When developing public policies, racial equity should be considered from the very beginning.
‘Equity’ is a state where everyone can achieve optimal health, well-being and happiness, where no one is denied this ability due to race or socioeconomic status. By contrast, ‘inequity’ is an avoidable consequence of public policies that favor one group over another.
This month, Americans celebrated our independence. We were reminded of our right to life, liberty and the pursuit of happiness. The majority of the population has enjoyed these rights since the beginning of our country. For others, however, especially communities of colors, these rights have not been easily attainable, if at all. Centuries of policies were created and enforced with implicit or explicit biases that prevented them from living the kind of lives they desired.
Now as our nation is reckoning with systemic racial inequities, whether it is from disparate health outcomes due to COVID-19 or the call for police reform due to racially charged events, agencies from all sectors are taking a practical and closer look at policies that create a more equitable society. Racial equity tools are guides that evaluate policies with the goal of benefiting everyone, not just a select few.
Considerations into racial equity can be incorporated into both the development and enforcement phases of a policy. Here are questions that agency staff can use to guide a principled approach to public policy development.
1) Does a policy that ensures racial equity exist? Does an existing one need to be revised to incorporate a fair chance for everyone to achieve the same benefit?
For example, Black people are more likely to be arrested for marijuana possession than white people, despite equal rates of use. Black people are less likely to have charges dropped than white people. Once prosecuted, they are also more likely to go to jail.
Arrest records can have a substantial impact on a person’s ability to achieve quality of life, such as eligibility for financial aid, employment or public housing. This can lead to further health deteriorations for Black people.
2) Are all stakeholders identified who should be part of the decision-making process?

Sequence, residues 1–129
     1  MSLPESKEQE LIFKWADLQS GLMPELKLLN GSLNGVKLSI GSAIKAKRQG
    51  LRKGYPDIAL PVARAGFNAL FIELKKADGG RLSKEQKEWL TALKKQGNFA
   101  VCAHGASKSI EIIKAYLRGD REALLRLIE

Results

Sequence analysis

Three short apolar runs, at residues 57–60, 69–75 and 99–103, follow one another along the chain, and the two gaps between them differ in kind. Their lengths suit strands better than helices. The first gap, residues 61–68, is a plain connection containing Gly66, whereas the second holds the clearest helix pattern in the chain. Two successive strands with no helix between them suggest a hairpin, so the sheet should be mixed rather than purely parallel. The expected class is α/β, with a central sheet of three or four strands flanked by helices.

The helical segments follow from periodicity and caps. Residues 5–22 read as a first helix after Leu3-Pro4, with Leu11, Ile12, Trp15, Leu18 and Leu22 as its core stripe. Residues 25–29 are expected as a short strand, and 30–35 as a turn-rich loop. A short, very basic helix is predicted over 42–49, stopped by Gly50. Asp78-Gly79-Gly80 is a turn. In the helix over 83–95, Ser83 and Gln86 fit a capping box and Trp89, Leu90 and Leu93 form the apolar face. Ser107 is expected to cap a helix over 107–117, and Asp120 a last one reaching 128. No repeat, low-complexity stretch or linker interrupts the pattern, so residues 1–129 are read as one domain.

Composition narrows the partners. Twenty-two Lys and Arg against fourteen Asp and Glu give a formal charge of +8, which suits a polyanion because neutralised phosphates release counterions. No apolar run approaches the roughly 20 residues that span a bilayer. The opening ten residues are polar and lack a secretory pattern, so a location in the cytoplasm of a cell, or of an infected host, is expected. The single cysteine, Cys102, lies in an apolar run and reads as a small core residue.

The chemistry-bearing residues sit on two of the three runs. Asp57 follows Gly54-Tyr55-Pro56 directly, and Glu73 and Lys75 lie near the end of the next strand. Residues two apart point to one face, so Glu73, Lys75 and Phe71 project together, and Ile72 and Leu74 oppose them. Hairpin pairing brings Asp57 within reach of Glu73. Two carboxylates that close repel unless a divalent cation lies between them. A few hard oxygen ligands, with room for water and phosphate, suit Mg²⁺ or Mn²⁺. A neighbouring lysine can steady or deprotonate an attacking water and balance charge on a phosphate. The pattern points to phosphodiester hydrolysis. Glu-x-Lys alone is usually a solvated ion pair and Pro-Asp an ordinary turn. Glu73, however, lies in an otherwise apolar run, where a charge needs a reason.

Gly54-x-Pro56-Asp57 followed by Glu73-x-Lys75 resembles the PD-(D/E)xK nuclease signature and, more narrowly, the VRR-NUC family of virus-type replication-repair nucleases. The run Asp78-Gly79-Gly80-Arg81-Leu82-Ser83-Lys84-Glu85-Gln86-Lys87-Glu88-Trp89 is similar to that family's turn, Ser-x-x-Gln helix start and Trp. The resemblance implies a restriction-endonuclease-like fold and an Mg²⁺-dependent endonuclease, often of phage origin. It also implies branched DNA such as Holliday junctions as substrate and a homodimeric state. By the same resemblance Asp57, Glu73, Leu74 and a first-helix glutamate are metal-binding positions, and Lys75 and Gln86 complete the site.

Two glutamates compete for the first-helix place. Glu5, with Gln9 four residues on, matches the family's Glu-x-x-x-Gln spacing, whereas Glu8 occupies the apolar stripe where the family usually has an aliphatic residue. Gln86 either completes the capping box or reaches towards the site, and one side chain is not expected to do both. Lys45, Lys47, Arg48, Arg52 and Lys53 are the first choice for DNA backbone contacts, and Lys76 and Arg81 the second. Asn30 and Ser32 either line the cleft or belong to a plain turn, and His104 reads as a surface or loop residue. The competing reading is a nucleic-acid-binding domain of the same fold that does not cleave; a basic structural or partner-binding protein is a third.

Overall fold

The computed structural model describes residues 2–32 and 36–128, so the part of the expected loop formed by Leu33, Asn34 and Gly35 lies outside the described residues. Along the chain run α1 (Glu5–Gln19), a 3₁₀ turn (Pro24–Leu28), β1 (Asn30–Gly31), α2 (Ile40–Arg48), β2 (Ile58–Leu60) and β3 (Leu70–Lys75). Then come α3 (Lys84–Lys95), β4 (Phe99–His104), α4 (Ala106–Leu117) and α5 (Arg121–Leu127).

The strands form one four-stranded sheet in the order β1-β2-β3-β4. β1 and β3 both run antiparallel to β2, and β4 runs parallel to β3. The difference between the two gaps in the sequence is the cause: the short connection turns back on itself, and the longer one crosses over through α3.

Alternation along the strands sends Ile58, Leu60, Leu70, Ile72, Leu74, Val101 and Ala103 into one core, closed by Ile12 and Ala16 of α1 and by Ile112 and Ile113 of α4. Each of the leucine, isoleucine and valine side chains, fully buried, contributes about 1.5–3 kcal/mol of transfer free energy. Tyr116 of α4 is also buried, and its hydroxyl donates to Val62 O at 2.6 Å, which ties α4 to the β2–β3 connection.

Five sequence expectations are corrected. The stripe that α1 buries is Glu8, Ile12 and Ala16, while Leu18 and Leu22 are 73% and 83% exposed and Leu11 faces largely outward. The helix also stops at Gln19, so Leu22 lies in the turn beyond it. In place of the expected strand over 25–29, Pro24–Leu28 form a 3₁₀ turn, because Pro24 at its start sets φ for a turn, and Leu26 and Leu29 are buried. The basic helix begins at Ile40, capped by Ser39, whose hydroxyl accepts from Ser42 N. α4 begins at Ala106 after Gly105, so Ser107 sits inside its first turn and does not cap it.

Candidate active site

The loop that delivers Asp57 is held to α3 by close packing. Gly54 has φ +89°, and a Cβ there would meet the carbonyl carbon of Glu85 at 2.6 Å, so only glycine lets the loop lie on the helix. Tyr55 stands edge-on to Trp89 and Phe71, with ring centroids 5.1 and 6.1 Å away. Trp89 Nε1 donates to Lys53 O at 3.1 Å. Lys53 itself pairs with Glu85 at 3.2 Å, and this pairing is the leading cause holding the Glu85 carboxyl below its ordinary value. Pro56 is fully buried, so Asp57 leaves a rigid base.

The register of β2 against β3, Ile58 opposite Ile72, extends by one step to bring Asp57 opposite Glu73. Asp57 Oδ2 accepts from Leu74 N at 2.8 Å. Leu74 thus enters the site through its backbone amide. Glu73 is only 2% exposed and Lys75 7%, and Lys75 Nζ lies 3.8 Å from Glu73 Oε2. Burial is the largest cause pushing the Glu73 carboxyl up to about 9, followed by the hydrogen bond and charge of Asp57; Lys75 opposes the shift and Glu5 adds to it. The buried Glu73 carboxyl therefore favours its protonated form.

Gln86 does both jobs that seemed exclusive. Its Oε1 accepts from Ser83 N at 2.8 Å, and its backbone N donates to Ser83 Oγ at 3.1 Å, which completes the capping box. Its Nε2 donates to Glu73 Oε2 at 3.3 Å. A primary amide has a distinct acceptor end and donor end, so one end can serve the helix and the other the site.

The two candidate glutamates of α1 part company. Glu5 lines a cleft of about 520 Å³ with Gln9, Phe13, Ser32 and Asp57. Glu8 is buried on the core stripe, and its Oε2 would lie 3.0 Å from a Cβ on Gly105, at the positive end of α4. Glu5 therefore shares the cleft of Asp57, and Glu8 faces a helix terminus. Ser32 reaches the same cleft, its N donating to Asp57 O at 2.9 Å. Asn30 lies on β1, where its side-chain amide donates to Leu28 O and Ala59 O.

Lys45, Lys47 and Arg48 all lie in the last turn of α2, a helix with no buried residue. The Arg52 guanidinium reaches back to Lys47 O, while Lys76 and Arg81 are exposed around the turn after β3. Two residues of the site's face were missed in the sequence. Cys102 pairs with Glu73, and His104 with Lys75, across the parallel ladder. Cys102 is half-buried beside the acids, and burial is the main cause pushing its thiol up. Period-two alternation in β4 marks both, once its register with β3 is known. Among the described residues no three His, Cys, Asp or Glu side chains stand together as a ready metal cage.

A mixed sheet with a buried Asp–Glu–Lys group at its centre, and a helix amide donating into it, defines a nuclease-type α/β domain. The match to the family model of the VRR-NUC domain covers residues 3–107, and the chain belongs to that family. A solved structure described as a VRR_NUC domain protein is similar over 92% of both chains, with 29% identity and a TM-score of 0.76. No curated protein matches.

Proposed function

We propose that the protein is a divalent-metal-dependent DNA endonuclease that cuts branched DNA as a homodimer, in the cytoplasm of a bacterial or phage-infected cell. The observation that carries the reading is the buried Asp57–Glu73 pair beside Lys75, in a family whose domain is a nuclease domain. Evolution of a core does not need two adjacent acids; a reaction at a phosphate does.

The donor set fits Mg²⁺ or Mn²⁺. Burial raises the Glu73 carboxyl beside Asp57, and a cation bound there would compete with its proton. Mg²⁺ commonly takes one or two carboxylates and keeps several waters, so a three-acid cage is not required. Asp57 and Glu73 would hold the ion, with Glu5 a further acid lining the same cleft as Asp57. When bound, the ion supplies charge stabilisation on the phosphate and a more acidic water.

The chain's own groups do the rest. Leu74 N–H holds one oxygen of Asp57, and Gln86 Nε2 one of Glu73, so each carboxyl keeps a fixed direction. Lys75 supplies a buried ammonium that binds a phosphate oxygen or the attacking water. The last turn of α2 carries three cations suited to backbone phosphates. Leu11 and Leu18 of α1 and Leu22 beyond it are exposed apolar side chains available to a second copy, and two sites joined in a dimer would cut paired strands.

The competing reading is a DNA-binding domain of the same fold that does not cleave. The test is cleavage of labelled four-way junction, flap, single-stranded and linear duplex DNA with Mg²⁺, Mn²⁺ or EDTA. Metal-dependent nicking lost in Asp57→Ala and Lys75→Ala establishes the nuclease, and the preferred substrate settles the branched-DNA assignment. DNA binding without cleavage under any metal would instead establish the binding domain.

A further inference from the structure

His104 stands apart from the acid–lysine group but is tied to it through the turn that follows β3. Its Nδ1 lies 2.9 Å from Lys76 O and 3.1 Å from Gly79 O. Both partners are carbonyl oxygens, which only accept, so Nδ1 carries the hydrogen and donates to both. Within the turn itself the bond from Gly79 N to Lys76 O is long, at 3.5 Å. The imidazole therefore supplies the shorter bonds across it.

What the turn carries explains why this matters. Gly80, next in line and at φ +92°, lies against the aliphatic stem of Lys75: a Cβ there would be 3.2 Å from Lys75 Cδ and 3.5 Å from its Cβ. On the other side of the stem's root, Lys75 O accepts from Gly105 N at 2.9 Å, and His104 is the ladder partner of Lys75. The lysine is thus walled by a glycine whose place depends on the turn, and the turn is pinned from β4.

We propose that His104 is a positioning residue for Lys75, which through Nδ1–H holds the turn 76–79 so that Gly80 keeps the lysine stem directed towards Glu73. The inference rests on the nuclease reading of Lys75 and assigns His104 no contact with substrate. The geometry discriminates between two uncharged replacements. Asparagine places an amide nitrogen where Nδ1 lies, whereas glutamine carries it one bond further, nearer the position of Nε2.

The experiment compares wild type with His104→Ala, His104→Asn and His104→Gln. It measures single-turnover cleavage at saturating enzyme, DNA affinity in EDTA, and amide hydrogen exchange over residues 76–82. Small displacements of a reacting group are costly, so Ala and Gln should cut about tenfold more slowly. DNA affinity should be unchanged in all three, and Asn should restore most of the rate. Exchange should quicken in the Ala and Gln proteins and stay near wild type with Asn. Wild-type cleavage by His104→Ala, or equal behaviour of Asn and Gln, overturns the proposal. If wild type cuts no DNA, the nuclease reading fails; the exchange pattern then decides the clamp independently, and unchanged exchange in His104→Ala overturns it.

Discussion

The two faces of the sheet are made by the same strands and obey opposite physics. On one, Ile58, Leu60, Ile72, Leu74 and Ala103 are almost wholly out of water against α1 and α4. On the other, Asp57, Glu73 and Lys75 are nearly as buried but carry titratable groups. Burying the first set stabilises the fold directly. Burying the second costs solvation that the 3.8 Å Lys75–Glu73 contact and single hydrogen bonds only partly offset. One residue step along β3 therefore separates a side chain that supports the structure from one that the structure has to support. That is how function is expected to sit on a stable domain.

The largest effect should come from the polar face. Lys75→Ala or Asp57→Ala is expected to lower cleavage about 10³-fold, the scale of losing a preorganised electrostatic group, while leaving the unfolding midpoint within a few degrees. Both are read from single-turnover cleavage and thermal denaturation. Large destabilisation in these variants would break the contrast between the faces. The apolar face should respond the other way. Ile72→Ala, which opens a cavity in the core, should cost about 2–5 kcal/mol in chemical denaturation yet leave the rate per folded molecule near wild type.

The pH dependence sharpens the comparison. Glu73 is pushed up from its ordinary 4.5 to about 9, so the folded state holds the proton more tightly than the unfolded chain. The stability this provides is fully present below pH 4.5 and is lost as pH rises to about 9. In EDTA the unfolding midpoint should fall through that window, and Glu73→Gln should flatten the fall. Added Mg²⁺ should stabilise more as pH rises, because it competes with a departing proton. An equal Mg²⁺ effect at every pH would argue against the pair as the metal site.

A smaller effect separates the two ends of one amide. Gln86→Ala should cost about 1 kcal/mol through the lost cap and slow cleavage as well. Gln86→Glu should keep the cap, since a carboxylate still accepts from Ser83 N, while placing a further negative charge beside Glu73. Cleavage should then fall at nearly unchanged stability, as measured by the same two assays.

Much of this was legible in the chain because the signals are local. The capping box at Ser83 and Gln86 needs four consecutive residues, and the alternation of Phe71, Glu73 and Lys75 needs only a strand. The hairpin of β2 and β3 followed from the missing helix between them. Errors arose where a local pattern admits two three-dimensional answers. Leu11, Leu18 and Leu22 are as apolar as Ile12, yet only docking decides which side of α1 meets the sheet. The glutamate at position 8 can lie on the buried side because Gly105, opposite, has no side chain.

A good policy analysis looks at an issue from multiple angles. Will it have the buy-in of community members, enforcement agencies, business owners, property managers, faith leaders, school officials, urban planners and all other parties that the policy will impact?
For instance, liquor licenses are a hot topic in communities, often pitting the economic needs of businesses against the health and safety of residents and other business owners. Overconcentration of alcohol outlets and other types of ‘high risk’ businesses are often found in minority communities, where often, there are those who may not feel they have the political clout to weigh in on decisions or do not have the knowledge on how to do so. Municipalities that include a public comment period can hear from a variety of voices either in support of or against a proposed business license.
3) What parts of society will be impacted by the policy, from populations served (and underserved) to the required infrastructure to implement and enforce the policy? Who will and will not have access to the benefits of the policy?
Policies often have unintended consequences, and decision-makers should take strides to consider as many as possible and have a plan for mitigation. This is also the reason for involving the perspective of a wide range of stakeholders.
4) What inherent biases can undermine a policy?
Bias can lead to blind enforcement of policies that unjustly penalize minorities. Racial profiling, or bias-based policing, is one case. The War on Drugs is another example of a policy that disproportionately targeted African Americans, resulting in soaring arrest rates. These two policies also have the unfortunate consequence of undermining law enforcement efforts to create partnerships with the communities they are assigned to protect.
5) What does the data say about the proposed policy?
Policies should always be evidence-informed. Decision-makers should consider the community conditions and demographics by looking at data, such as the American FactFinder and U.S. Census Bureau.
Moreover, there needs to be transparency and accountability in how decision-makers arrive at policy decisions to give the community confidence that good decisions are being made.
Though centuries of systemic racism institutionalized bias into many policies at national, state and local levels, it is not too late to reverse the trend of one race benefiting while another suffers. This can happen through strategic and in-depth analyses of proposed policies, as well as the buy-in of all stakeholders.
Other posts you may be interested in:
- 19 Questions for Leaders Who Are Serious about Racial Equity
- 5 Resources for Leaders to Commit to Racial Equity
- How GIS Exposed Racial and Socioeconomic Disparities in San Diego’s South Bay
Meredith Gibson is a GovLoop Featured Contributor. She uses the power of media advocacy and geographic information systems to promote systems and policy changes that contribute to healthy, safe and vibrant communities in San Diego County. Meredith is a media director at the Institute for Public Strategies, a non-profit organization that addresses equity in public health, particularly around substance abuse prevention. She writes news releases, collaborates on opinion editorials and pitches ideas and spokespersons to news outlets, amassing media coverage at the local and national levels. She also authors story maps and analyzes spatial data to inform policy decisions.